Upon first encountering these other-gendered Native people during their travels in North America, European explorers classified them with the term “berdache”, which comes from an Arabic word that essentially referred to a passive bottom in a homosexual relationship. For centuries, this was the primary term that was used to define third/fourth/other gendered Native Americans until the third annual intertribal Native American/First Nations gay and lesbian conference in 1990, when the term “Two-Spirit” was coined. Coming from the Ojibwe phrase, niizh manidoowag, the term Two Spirit creates an autonomous, self-defined community that applies to all Native and First Nations people who identify with traditional, non-Western gender categorizations. This emphasis that the Two Spirit conception places on shared history and self-empowerment has profound ramifications for not just Native people who would have traditionally been lumped into an LGBT framework, but for the communities they belong to and the broader society.
In many tribes, Two-Spirit individuals were revered and endowed with a spiritual significance not given to men and women. They were often thought to have mystical powers and frequently served a shamanic role within their community, both as healers and as visionaries who had to be consulted–and in many cases, honored–before a tribe went to war. Two-Spirit people were also charged with being conduits for the interactions of men and women within tribe that usually had set rules to prevent men and women from intermixing during daily life. Being in possession of both male and female spirits, Two-Spirit people were able to navigate social relationships in ways that others in their tribe could not. As a result, Two-Spirit people frequently played the role of social worker and caregiver, shuttling between the male and female camps to keep the peace and ensure the health of their community.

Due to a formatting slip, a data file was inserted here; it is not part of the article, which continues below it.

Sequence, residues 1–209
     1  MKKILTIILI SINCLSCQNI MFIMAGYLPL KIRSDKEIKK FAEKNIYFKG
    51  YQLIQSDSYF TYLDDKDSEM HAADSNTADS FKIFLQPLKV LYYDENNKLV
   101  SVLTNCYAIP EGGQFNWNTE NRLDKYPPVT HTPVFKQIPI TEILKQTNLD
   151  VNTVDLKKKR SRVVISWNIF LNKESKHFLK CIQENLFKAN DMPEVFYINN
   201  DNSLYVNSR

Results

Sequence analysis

It’s easy to see why some who fall underneath the West’s LGBT banner would find such an identity appealing, but those within the Two-Spirit community are quick to point out that Two-Spiritedness is something that must be confined to among Indigenous peoples if it is to have meaning. When I was at the 2015 United States Conference on AIDS last month, I had the chance to sit down with Harlan Pruden, a Two-Spirit activist and member of the Cree Nation, to talk about his work in organizing around Two-Spirit identities in Native American communities and the issues he’s had to deal with surrounding cultural appropriation.
Pruden said that he believed the intentionality of non-Native people who had begun co-opting Two-Spiritedness was good, but was very clear in his view that such intentions don’t permit the appropriation of their culture:
“I went to the Philadelphia Transgender Health Conference and I’ve had to stand before that community and be like, ‘Noodles, you can’t use our term.’ And that sounds harsh, right? But I immediately follow that up with, if the current system, current nomenclature, current choice of identities doesn’t work for you, come up with your own. And you know what? I’ll be right there, fighting and supporting your use of that identity and I hope that would be reciprocated…because if anyone and everyone can use the term Two Spirit, then my job as a community organizer that wants to talk to and advocate for folks who are indigenous and LGBT identified becomes almost impossible.”
For more on my Two-Spirit communities and my conversation with Harlan about everything from his discovery of his Two-Spiritedness to the role the community plays in eradicating health disparities among Native Americans, go over to The Body and read my companion article, Native Americans Facing HIV Find Power in Two-Spirit Identity.